Accordingly, the invention relates to a self-contained water alarm for monitoring floor moisture, comprising a housing having a plurality of support feet for supporting the housing on a floor with the bottom of the housing in close spaced relation to the floor, a plurality of pairs of printed circuit sensor electrodes, each electrode pair being mounted on the outside of the bottom of the housing in a position protected from floor contact by the support feet, the sensor electrodes of each pair being in closely spaced relation to each other immediately above the floor on which the housing is supported, the resistance between the sensor electrodes being very high when the floor is dry and much lower when the floor is covered with water to a depth sufficient to contact the electrodes, an electrically actuated audible alarm device, mounted within the housing, and battery mounting means for mounting a battery within the housing. An alarm circuit is mounted within the housing and interconnects the alarm device, the battery, and the sensor electrodes; the alarm circuit comprises a solid-state switching device, connected to each pair of sensor electrodes and actuatable from a normal non-conductive condition to a sustained conductive condition in response to a low resistance condition between any pair of the sensor electrodes, the switching device having a main discharge path connected in series with the alarm device and the battery, and an auxiliary pair of sensor electrodes mounted on a small pad and electrically connected in parallel with the housing-mounted pairs of sensor electrodes through an elongated extension cord to permit simultaneous monitoring of floor moisture and of the water level in a sump or in a standpipe, the housing including a storage compartment for storing the auxiliary electrode pad and cord when not in use.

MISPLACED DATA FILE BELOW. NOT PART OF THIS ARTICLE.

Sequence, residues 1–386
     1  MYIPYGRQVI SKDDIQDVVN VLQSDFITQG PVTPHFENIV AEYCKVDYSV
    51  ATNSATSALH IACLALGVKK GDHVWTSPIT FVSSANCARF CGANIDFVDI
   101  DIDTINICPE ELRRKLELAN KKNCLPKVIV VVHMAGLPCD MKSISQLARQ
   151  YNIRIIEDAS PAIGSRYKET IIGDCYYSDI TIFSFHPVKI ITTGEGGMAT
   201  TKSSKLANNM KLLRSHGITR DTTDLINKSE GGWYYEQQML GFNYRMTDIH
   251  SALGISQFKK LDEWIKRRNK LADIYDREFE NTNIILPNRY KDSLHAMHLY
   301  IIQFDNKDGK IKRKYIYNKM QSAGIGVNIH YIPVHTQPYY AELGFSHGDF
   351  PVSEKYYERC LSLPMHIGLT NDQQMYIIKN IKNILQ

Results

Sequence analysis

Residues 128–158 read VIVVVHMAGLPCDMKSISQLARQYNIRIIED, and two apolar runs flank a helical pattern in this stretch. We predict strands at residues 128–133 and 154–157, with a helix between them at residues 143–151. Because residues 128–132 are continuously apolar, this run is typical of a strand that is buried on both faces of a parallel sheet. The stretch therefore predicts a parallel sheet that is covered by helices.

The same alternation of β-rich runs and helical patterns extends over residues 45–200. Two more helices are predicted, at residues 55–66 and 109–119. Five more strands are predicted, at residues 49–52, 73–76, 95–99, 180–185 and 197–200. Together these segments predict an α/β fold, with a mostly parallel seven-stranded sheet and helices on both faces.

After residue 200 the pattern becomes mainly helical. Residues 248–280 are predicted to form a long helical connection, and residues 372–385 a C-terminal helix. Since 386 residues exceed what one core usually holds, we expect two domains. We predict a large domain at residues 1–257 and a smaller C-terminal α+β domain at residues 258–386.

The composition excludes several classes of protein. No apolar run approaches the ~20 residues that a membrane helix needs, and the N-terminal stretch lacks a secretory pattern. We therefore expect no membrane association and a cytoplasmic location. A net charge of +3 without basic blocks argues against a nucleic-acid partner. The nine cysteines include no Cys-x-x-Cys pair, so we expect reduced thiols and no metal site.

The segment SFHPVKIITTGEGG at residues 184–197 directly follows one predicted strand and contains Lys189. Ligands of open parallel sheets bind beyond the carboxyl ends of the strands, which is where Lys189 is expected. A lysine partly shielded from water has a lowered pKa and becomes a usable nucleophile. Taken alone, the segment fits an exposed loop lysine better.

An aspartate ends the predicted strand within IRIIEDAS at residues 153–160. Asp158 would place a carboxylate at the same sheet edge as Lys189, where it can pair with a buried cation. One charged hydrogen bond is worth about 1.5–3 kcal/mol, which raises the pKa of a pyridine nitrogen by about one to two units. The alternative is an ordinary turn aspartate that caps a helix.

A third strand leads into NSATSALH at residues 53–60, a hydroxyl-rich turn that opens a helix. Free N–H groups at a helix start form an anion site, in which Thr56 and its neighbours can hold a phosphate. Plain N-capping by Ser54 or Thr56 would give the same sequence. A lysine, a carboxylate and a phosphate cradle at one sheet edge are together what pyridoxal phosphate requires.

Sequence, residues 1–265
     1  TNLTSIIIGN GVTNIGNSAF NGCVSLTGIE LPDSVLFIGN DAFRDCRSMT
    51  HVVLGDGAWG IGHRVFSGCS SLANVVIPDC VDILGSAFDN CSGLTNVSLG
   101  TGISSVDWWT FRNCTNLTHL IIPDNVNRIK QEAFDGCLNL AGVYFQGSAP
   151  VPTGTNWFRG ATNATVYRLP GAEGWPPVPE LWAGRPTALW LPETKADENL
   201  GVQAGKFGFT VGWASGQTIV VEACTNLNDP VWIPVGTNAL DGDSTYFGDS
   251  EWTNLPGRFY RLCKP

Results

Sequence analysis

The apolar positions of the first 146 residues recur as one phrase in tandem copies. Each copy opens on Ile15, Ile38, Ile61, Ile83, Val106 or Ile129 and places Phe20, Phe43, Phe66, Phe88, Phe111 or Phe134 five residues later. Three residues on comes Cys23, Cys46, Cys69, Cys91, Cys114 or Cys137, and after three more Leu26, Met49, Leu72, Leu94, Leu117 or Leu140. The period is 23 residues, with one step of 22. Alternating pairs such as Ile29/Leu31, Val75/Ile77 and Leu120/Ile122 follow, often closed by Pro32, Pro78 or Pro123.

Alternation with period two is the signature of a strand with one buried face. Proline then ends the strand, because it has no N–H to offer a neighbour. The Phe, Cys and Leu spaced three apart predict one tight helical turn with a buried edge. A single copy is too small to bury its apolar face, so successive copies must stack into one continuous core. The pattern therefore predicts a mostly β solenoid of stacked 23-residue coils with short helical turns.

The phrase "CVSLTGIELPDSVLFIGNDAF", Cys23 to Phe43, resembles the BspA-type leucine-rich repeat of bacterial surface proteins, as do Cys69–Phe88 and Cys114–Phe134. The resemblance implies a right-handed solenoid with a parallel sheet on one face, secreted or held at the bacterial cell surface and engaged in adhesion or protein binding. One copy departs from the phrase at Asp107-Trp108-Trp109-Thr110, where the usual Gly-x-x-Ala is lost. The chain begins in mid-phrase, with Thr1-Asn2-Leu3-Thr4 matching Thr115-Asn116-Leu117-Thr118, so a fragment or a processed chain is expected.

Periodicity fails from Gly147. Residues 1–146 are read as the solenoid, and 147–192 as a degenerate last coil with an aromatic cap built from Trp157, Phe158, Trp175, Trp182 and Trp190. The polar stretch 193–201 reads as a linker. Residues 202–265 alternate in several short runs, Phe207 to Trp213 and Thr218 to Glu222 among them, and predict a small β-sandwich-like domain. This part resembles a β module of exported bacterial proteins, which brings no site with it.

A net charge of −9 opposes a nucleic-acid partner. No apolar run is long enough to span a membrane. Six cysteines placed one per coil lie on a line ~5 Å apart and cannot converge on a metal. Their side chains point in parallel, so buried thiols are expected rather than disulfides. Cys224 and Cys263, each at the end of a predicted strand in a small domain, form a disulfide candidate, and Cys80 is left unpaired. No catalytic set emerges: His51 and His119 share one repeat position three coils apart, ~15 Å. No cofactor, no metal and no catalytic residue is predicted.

FIG. 1 is a plan view of a self-contained water alarm for monitoring floor moisture, constructed in accordance with a preferred embodiment of the present invention;
FIG. 2 is an elevation view of the water alarm of FIG. 1;
FIG. 3 is a bottom view of the water alarm of FIGS. 1 and 2;
FIG. 4 is a schematic diagram of the electrical circuit for the water alarm of FIGS. 1-3;
FIG. 5 illustrates the water alarm of FIGS. 1-4 in use in conjunction with a standpipe;
FIG. 6 illustrates the water alarm of FIGS. 1-4 in use in connection with a sump; and
FIG. 7 is a schematic circuit diagram of a remote alarm used with the alarm of FIGS. 1-4.
FIGS. 1-3 illustrate the mechanical construction for a self-contained floor moisture water alarm 10 constructed in accordance with a preferred embodiment of the present invention. Alarm 10 comprises a housing of annular configuration having an inside wall 11 encompassing a central aperture 12 and an outside wall 14. The housing of alarm 10 further includes a cover 15 and a base or bottom wall 16. Three partitions 18 divide the interior of the alarm housing into three interconnected compartments.
Three sensor pads 21 are mounted on the base wall 16, each located within a rectangular rim 19 constituting a support foot for the alarm (FIGS. 2, 3). Feet 19 are molded integrally with bottom wall 16. Each of the pads 21 has a pair of sensor electrodes 23 and 24 mounted on its bottom surface; sensor electrodes are positioned just above a floor 26 when alarm 10 is in use. Sensor electrodes 23 and 24 are thin, electrically conductive elements, preferably of a material that will withstand some abrasion if alarm 10 is moved around on the floor surface 26. Rims 19 should allow water on the floor to have free access to pads 21 and electrodes 23,24; the electrodes are preferably spaced about 1/16 inch or less above the floor. Pads 21 can be employed as the feet for alarm 10, eliminating the rims 19, but that arrangement increases the possibility of excessive wear on the sensor electrodes and also increases the possibility of a false alarm due to mere condensation on the floor surface.